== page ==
The 75GXP was the only drive where I’ve ever suffered a “double disk failure” before I could get a replacement in. Only happened once. My company had 3 “backup” servers, one at each office site. Each one had I think it was 5 x 100GB disks, or was it another size, this was back in 2001. RAID5, connected to a 3Ware 7000-series controller. One Friday afternoon one of the disks in my local office failed, so I called to get an RMA, about 2 hours later, another disk failed in a remote office, so I called to get that one RMA’d too.  The next day the bad disk for my local server arrived, but it was essentially DOA from what I recall. So the system kept running in degraded mode( come on how many people’s servers in 2001 had hot spares, that’s what I thought). There was nobody in the office for the other server in degraded mode so the drive was set to arrive on Monday to be replaced. On Sunday that same weekend a 2nd disk in the remote server failed, killing the RAID array of course. In the end, that particular case wasn’t a big deal, it was a backup server after all, everything on the disk was duplicated at least once to another site. But it was still a pain. If memory serves I had a good 15-20 75GXP disks fail over the period of a year or so(both home+work), all of them were what I would consider low duty cycle, hardly being stressed that much. In all cases the data lost wasn’t a big deal, it was more of a big deal to be re-installing the systems, that took more time than anything else. Especially the Solaris systems..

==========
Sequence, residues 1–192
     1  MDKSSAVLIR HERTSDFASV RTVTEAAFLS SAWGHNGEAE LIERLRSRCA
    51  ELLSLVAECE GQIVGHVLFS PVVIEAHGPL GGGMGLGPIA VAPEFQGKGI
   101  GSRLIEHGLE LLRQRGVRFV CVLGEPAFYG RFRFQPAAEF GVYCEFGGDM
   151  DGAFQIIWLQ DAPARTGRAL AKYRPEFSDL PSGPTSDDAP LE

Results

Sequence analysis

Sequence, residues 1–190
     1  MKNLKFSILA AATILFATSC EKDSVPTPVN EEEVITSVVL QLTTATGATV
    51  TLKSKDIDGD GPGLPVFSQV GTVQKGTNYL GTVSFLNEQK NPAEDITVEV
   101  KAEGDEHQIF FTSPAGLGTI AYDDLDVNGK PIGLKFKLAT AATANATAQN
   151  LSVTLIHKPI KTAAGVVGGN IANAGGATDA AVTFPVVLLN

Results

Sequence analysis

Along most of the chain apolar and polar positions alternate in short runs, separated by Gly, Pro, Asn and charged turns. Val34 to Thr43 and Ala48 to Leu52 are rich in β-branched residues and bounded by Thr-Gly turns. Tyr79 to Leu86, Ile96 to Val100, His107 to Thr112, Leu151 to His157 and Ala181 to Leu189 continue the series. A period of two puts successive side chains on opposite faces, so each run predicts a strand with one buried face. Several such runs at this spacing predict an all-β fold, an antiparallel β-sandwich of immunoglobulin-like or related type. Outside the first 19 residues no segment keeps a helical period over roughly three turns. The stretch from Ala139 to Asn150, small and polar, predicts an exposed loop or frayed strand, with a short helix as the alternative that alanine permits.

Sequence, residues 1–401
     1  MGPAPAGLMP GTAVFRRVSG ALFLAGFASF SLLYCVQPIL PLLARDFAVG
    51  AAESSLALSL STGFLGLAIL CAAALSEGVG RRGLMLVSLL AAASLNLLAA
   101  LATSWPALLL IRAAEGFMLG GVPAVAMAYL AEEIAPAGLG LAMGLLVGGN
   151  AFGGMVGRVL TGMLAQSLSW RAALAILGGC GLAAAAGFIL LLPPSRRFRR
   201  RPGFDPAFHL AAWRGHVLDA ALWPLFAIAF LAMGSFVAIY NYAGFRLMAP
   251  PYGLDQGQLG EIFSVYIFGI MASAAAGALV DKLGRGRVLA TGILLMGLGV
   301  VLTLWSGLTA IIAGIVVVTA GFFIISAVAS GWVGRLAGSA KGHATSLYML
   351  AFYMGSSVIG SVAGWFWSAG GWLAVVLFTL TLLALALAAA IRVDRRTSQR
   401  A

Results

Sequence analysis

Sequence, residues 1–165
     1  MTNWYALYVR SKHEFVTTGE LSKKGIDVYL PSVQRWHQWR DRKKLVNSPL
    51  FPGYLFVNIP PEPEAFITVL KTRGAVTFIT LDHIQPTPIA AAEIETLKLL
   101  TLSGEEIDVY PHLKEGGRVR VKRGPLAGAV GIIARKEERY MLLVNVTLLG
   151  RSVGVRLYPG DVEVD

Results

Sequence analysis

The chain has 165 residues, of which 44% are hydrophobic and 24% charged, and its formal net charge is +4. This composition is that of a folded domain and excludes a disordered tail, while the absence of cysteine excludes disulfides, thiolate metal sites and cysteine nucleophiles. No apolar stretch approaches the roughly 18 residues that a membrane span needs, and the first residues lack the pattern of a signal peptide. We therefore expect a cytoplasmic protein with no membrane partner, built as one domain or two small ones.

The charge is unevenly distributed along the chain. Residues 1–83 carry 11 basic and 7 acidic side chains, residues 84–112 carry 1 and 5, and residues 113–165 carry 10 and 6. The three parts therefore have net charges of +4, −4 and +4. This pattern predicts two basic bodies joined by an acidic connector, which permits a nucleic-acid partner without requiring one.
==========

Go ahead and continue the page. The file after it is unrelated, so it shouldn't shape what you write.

[End First Tangent –]
[Begin Second Tangent — ]

One thing that brings back fond childhood memories related to Seagate is where they are based out of – Scotts Valley, California. Myself I wouldn’t consider it in Silicon Valley itself but it is about as close as you can get. I spent a lot of time in Soctts Valley as a kid, I grew up in Boulder Creek, California (up until I was about 12 anyways) which is about 10 miles from Scotts Valley. I considered it(probably still is) the first “big town” to home, where it had things like movie theaters, and arcades. I didn’t find out Seagate was based there until a few years ago, but for some reason makes me proud(?), for such a big giant to be located in such a tiny town so close to what I consider home.

[End Second Tangent –]